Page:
Research Professor Emeritus, Population Studies Center.
Professor Emeritus, Sociology.
Ph.D., Princeton University
Dr. Knodel has conducted research in the areas of social demography in developing countries (specializing in Southeast Asia and particularly Thailand) and European historical demography. During the last two decades his studies focused mainly on issues related to the older aged population including the AIDS epidemic impact on older persons, how migration of adult children affects older age parents, and broad assessments of the situation of older persons. His current research focuses on Myanmar, Thailand and Vietnam and involves country-specific and comparative studies of the status of and support systems for the elderly. His research uses both quantitative and qualitative methods, and virtually all of it is conducted in collaboration with colleagues in the region.
Knodel, John E. 2014. The situation of older persons in Myanmar: results from the 2012 survey of older persons (Revised 2014). Yangon: HelpAge International Myanmar country office. (in collaboration with HelpAge international staff) Abstract. Public Access.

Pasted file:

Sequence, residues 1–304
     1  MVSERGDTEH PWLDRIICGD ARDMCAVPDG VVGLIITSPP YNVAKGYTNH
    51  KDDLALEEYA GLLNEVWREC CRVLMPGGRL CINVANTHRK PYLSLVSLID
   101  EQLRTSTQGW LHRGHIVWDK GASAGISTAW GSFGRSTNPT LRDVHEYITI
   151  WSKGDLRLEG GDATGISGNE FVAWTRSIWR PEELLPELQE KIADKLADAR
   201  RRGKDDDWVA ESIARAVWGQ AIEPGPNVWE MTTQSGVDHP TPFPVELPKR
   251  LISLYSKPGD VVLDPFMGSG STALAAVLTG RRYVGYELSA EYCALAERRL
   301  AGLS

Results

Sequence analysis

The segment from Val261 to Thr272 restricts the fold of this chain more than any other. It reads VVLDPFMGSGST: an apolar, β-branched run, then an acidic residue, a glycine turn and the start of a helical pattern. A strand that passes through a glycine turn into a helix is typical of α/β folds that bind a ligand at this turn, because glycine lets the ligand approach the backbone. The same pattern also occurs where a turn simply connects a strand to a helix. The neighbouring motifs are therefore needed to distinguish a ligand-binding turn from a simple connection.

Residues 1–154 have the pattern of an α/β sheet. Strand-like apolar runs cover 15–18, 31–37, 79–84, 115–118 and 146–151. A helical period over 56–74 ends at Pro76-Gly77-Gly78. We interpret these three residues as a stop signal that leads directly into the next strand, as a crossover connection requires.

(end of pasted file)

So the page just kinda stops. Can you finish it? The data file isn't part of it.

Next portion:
Knodel, John E., Vipan Prachuabmoh, and Napaporn Chayovan. 2013. The Changing Well-being of Thai Elderly: An Update from the 2011 Survey of Older Persons in Thailand. HelpAge International. Abstract. Public Access.
Knodel, John E., and Wiraporn Pothisiri. 2015. "Intergenerational Living Arrangements in Myanmar and Thailand: A Comparative Analysis." Journal of Cross-Cultural Gerontology, 30(1): 1-20. DOI. Abstract.
Hak, Sochanny, Il Oeur, John McAndrew, and John E. Knodel. 2013. "Consequences of Internal and Cross-Border Migration of Adult Children for their Older Age Parents in Battambang Province, Cambodia: Grounding Experiences in Local Settings and Family Circumstances." Journal of Population and Social Studies, 21(2): S49-S73. Abstract.
Knodel, John E., Jiraporn Kespichayawattana, Suvinee Wiwatwanich, and Chanpen Saengtienchai. 2013. "The Future of Family Support for Thai Elderly: Views of the Populace." Journal of Population and Social Studies, 21(2): 110-132. Abstract.